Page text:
Dad Jokes Made and Memories Lost

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Look, you’ve seen pictures of the East Side Gallery before. So enjoy some photos of people taking a selfie in front of it. And my little travel buddy.

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If I’ve already talked to you about Berlin, the first thing I probably said was that it was freezing. Then I hopefully admitted that we didn’t get around to visiting Museum Island — which would have been inside and, you know, away from the biting cold. It was a less of a cute nipping at the nose and more like a full-on chunk missing out of my face, hands, toes, wherever. (Like, how am I standing, since I’m pretty sure my toes have fallen off?) I lost feeling in my legs at one point. I don’t know, man, it was just cold. What I’m saying is, a lot of what we wanted to see was outside. We learned to find refuge in McDonald’s, metro stations, fancy hotels, and Vietnamese restaurants.

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Our adventures began before we even left London. Back in Stansted Airport, a young gent approached us, asking if he was at the right terminal to get to Berlin. “I hope so, because that’s where we’re going!” I dad-joked. Once we landed, eavesdropped on a German lady giving instructions to other tourists about which train to catch (only to find out that our train was being rerouted) it turned out the guy was going to the same hostel as we were, so he decided we should stick together. He proceeded to ask permission to guess my age. When I told him that no, I wasn’t seventeen nor sixteen, and that I was in fact twenty-two his eyes went wide. “What? No!” I assured him I was, explaining half-heartedly that I only look young because I’m part Asian. I didn’t bother mentioning that he should be able to understand this blessing/curse, since he’s full Asian. He also asked something about why my English was so good and why my accent was so strong. I explained that I was from Canada, where we speak English, and that maybe he was used to a British accent, rather than a North American one. He didn’t seem to believe me. We parted ways soon after reaching the hostel.

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Asha and I spent every night at a Christmas market, finding out that the curry in currywurst is mixed with ketchup and is therefore not totally my jam. Turns out the wurst part was actually the best part.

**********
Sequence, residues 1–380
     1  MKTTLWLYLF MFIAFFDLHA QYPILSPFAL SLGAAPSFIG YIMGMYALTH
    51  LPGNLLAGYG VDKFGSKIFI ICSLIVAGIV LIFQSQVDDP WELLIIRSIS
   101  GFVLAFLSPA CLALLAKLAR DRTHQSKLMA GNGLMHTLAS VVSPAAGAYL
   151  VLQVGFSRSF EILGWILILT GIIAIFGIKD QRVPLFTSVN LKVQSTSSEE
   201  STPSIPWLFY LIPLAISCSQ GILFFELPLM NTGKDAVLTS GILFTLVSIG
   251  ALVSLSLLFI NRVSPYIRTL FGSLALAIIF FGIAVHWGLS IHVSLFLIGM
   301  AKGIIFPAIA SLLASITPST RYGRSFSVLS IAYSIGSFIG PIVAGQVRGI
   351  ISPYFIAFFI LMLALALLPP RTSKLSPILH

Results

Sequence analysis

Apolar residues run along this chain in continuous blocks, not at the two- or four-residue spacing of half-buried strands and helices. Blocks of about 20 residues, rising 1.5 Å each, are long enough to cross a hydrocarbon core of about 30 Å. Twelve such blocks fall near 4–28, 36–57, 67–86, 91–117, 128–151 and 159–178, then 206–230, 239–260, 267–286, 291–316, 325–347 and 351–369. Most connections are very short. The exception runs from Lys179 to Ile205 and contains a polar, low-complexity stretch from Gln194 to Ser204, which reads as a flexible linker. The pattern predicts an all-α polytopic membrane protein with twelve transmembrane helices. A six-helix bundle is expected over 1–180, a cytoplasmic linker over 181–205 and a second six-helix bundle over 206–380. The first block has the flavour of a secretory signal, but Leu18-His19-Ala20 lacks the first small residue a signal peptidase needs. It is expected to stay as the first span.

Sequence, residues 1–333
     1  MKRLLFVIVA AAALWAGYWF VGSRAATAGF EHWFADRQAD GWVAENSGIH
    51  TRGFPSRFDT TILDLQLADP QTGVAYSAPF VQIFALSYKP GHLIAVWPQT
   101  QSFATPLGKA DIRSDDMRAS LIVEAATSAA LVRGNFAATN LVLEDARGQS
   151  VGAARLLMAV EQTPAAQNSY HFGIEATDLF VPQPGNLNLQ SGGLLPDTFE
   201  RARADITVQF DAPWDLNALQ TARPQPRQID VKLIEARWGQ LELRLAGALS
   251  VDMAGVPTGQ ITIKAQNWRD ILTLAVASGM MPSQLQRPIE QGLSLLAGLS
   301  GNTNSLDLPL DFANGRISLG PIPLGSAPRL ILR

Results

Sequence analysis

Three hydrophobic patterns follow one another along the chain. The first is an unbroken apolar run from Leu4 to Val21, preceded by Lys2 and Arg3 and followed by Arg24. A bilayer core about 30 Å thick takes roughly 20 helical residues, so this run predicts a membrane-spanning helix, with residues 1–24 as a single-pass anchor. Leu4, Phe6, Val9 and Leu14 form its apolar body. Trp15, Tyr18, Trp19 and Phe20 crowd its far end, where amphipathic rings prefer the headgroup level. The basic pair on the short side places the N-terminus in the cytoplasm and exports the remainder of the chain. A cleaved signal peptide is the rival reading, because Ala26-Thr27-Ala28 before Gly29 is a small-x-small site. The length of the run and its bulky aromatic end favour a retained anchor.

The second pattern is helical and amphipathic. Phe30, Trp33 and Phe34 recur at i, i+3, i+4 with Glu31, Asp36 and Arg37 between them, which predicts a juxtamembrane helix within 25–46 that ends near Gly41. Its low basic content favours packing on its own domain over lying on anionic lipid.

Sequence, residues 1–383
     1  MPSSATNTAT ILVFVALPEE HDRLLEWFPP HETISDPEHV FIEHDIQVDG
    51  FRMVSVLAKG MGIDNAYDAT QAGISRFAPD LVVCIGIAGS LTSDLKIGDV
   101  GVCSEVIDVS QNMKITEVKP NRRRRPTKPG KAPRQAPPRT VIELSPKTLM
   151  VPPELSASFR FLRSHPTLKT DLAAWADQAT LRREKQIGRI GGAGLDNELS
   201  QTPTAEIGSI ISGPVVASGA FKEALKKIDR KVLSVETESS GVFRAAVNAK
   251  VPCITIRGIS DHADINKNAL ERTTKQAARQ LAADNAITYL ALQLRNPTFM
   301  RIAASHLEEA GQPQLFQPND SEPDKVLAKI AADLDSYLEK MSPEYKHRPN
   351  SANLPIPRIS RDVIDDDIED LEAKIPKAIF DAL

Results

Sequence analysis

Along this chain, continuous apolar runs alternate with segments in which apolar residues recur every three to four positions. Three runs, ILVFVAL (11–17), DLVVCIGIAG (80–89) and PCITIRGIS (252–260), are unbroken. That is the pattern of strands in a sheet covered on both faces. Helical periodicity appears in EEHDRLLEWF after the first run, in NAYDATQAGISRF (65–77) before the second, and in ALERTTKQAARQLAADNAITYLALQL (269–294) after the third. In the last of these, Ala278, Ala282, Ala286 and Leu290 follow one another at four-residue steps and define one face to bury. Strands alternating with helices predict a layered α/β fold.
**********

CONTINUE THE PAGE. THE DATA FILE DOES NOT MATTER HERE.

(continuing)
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Two things that are apparently a big deal in Berlin: flea markets and photo booths. We passed fotoautomat after fotoautomat, figuring we’d settle on one when the time was right. On our last night we set out in search of our final Christmas market and our long-awaited photos. We found both, plunked a few euros into the fotoautomat and took a series of surely charming snapshots. The cuteness! The frivolity! How utterly darling we must be! We waited patiently for our slip of photos to pop out, chuckling at the drôle, dorky poses we had made. We waited and waited, less patiently than before. Finally, someone took pity on us and explained that the machine was out of order, and if we wanted our money back we could call the phone number on the machine. We walked away. What we wanted back wasn’t our money. What we wanted was a tangible memory that perfectly captured our carefree ways, embodied by our heavily thought-out poses that took longer to conjure up than the actual photo-taking process. How could a German photo booth company replace that?

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One day I’ll go back to Berlin. We really only had two days, and I spent half of it under the covers trying to fight off a cold. I only caught glimpses of the fascinating design and coffee scenes — both of which came together with the café/typography shop Type Hype. It had the kind of stuff I’ll copy for homemade birthday cards. We also went to KaffeeMitte (where I got a tea with ginger, lemon, and all other things to help lessen my cold symptoms) and Zeit für Brot (where they didn’t believe Asha when she said they forgot her order, but I had a perfectly lovely time).

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Unrelated note: I hate to make sweeping generalizations, but German people are really good-looking. The men, the women, probably the babies too. There’s not even a specific look, they are all just beautiful, beautiful people.

 

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